Obviously, I didn’t try to write down tasting notes, just taste, rate and move on to the next. To give you an idea about happenings at the event, let me share you with you the results of the competition, as well as the picture report from the event. In the pictures, you will see my ballot so you can compare my votes with the official results. There were a number of very tasty chowders, but to be entirely honest, my favorite soup was the cream of mushroom with black truffles – the only soup I gave the 10.5 rating. I also have to mention a number of different chowders presented by the Stop’n’Shop, local supermarket chain – as the sponsors, they couldn’t compete, but their soups were simply delicious, I’m sure they would do great if they would actually enter the competition.

Same as the last year, Pike’s Place out of Seattle, Washington won in the category of New England Clam Chowder. Was it really the best chowder? I don’t think so, I think people were simply intimidated by the huge medal display put out by Pike’s Place. Their chowder was good – but put out for the blind taste, I don’t think it would do equally well. Anyway, New England restaurants should prepare better for the next competition which is already announced for October 1, 2017.

Here are the results:

Classic New England Clam Chowder:
1st: Pike Place Chowder – Seattle WA
2nd: 250 Market – Portsmouth NH
3rd; Take Five Cookery – Hartford CT

Traditional Clam Chowder:
1st: Donahue’s Clam Castle (Rhode Island) – Madison CT
2nd: Dunville’s (Manhattan) – Westport CT
3rd: TIE!
Chef’s Table (Rhode Island) – Fairfield CT
Parallel Post (Manhattan) – Trumbull CT

Creative Chowder:
1st: Our House Bistro – Winooski VT
2nd: Gaffney’s – Saratoga Springs NY
3rd: Smithsonian Cafe & Chowder House – North Hampton MA

Soup/Bisque:
1st: Crab Shell – Stamford CT
2nd: Old Post Tavern – Fairfield CT
3rd: Sam’s American Bistro – Stamford CT

Congratulations to all the winners!

Now I will leave you with pictures (lots of them!) from the event. And next year, make sure to add it to your busy schedule – the event will be definitely worth your time. Cheers!

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One side of the ballot served as a directory

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And another side was an actual ballot with instructions – empty at the moment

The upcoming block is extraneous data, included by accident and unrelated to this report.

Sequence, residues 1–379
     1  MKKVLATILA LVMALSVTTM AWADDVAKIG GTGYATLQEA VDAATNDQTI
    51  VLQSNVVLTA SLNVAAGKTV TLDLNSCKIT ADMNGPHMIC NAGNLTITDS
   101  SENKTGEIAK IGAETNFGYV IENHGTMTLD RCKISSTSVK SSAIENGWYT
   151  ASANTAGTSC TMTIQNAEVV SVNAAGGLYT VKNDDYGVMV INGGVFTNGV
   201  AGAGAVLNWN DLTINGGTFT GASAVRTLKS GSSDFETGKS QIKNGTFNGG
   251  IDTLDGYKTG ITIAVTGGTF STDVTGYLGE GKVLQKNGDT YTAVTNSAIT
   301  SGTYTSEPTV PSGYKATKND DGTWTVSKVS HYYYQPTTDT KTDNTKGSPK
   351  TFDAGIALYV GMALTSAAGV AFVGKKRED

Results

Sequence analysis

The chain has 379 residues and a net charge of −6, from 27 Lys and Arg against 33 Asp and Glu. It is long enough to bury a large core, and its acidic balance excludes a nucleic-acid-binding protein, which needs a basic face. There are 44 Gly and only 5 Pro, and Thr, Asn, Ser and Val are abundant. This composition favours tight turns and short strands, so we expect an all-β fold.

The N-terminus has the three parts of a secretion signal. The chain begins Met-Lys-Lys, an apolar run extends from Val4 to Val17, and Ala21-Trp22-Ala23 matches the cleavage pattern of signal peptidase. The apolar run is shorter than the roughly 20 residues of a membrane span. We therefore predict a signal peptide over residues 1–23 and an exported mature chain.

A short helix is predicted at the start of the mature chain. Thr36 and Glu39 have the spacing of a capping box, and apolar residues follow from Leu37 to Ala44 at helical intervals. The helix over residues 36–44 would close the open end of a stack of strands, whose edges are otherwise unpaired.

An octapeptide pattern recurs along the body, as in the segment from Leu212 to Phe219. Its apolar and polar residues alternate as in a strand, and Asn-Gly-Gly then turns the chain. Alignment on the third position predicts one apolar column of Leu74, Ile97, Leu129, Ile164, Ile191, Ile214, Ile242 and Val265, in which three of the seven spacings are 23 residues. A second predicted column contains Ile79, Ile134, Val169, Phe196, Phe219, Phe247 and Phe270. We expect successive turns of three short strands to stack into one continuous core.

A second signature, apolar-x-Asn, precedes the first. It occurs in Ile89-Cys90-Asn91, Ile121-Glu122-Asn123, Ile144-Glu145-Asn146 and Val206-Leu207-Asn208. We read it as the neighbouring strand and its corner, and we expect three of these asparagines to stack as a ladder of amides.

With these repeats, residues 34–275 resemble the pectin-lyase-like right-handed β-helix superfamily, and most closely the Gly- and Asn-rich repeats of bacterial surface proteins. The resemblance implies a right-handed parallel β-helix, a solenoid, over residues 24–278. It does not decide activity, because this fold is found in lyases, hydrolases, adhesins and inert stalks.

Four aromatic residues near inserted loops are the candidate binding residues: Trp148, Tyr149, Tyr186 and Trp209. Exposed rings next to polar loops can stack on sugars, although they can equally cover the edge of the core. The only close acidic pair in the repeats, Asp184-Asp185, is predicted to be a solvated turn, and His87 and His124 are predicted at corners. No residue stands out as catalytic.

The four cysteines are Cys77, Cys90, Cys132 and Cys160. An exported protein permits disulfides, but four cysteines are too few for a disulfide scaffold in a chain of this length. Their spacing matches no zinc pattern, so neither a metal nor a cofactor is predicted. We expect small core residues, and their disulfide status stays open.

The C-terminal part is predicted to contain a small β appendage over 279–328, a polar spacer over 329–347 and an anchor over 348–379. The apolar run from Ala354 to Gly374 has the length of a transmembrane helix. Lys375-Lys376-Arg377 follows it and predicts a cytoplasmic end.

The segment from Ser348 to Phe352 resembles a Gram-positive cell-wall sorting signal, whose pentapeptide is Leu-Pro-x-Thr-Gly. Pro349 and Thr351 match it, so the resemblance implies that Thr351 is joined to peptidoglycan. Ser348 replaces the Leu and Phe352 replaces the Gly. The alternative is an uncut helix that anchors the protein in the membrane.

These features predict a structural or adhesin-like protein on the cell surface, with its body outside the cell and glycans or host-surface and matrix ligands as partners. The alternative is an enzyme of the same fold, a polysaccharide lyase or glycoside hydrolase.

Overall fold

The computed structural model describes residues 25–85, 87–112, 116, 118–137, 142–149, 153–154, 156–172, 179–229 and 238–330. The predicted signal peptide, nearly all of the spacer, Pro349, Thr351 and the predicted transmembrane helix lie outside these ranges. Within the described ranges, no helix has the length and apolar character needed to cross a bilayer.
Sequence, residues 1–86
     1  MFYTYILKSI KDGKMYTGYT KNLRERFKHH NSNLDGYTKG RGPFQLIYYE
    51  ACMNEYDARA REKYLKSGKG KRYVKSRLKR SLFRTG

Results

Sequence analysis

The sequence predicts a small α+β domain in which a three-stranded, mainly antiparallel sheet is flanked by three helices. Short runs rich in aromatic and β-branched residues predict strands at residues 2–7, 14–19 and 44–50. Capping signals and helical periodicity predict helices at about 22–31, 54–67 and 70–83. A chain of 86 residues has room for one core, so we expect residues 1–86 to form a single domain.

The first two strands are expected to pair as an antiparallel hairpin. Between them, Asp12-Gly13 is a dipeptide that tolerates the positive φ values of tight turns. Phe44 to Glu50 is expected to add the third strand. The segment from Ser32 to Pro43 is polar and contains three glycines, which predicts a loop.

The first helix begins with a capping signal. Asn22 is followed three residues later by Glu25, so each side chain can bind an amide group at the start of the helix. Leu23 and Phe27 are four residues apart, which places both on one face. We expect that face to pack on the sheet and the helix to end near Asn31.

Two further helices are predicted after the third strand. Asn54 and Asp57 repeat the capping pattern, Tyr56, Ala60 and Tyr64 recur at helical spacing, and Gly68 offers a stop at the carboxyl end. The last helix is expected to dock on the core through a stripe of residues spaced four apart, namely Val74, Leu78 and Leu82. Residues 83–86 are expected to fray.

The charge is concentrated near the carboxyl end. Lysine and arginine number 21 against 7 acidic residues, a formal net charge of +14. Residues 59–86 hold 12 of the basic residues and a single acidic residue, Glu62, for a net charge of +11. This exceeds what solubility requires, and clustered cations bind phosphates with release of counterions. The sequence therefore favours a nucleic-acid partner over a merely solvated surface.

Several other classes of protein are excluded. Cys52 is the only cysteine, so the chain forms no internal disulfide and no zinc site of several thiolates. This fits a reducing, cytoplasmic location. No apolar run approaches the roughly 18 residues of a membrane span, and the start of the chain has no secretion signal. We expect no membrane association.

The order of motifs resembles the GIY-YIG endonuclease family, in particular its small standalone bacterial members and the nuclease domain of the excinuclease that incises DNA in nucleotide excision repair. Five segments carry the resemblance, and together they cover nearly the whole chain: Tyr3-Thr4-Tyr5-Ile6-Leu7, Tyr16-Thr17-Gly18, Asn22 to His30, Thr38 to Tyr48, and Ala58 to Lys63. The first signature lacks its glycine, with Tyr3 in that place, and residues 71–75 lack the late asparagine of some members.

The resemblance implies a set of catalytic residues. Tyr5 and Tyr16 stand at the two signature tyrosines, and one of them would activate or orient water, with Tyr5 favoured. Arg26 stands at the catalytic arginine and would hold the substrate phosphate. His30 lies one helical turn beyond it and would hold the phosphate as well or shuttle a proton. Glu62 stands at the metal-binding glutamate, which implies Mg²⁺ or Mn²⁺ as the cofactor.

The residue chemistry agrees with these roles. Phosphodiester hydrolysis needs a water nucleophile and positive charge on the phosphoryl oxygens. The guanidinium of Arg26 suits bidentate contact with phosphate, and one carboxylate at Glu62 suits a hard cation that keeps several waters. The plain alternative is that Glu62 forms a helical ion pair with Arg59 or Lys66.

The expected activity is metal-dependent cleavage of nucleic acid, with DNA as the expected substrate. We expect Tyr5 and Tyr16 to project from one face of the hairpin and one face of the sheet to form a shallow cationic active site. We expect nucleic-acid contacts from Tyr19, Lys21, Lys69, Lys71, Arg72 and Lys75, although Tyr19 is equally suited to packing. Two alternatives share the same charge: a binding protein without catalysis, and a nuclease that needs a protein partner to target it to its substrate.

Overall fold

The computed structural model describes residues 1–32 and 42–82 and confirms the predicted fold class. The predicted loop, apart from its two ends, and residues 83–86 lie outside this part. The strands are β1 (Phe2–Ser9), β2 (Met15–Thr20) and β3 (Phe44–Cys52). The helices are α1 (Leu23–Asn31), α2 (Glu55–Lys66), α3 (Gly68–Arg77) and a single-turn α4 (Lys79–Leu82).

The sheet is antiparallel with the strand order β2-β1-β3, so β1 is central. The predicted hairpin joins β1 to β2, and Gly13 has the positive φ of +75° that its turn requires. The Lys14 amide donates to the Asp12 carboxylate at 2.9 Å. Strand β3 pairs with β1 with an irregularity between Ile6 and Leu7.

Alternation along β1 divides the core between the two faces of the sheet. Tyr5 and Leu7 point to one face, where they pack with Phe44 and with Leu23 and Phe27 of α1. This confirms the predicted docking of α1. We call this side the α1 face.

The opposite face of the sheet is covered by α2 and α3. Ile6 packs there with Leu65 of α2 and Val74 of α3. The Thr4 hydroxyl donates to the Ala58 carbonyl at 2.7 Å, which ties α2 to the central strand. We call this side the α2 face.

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This would give you an idea of the weather – no sun, but still nice

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tasting cups with  are getting ready to be carried around (most times, you had to wait in line, but few participants provided this extra touch

Tasting cups with are getting ready to be carried around (most times, you had to wait in line, but few participants provided this extra touch

Love the way some of the stands were decorated:

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Even with the tasting cups, some of the presentations were clearly a standout:

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This was the top creative chowder winner from Our House Bistro in Vermont – delicious!

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Lots of restaurants offered their recipes/ingredient lists right there:

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The recipe was very intriguing, but in my tasting cups was literally only liquid, no rattlesnake, no turkey – they really have to try better next time

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img_4602Not only their showders won, but their stand desings were a standout –

Our House Bistro from Vermont:

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img_4618and Pike’s Place from Seattle, Washington:

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see what I mean by intimidation? When people see this array of medals, can they not vote for them?

See what I mean by intimidation? When people see this array of medals, can they not vote for them?

Yes, there was more than just chowder there: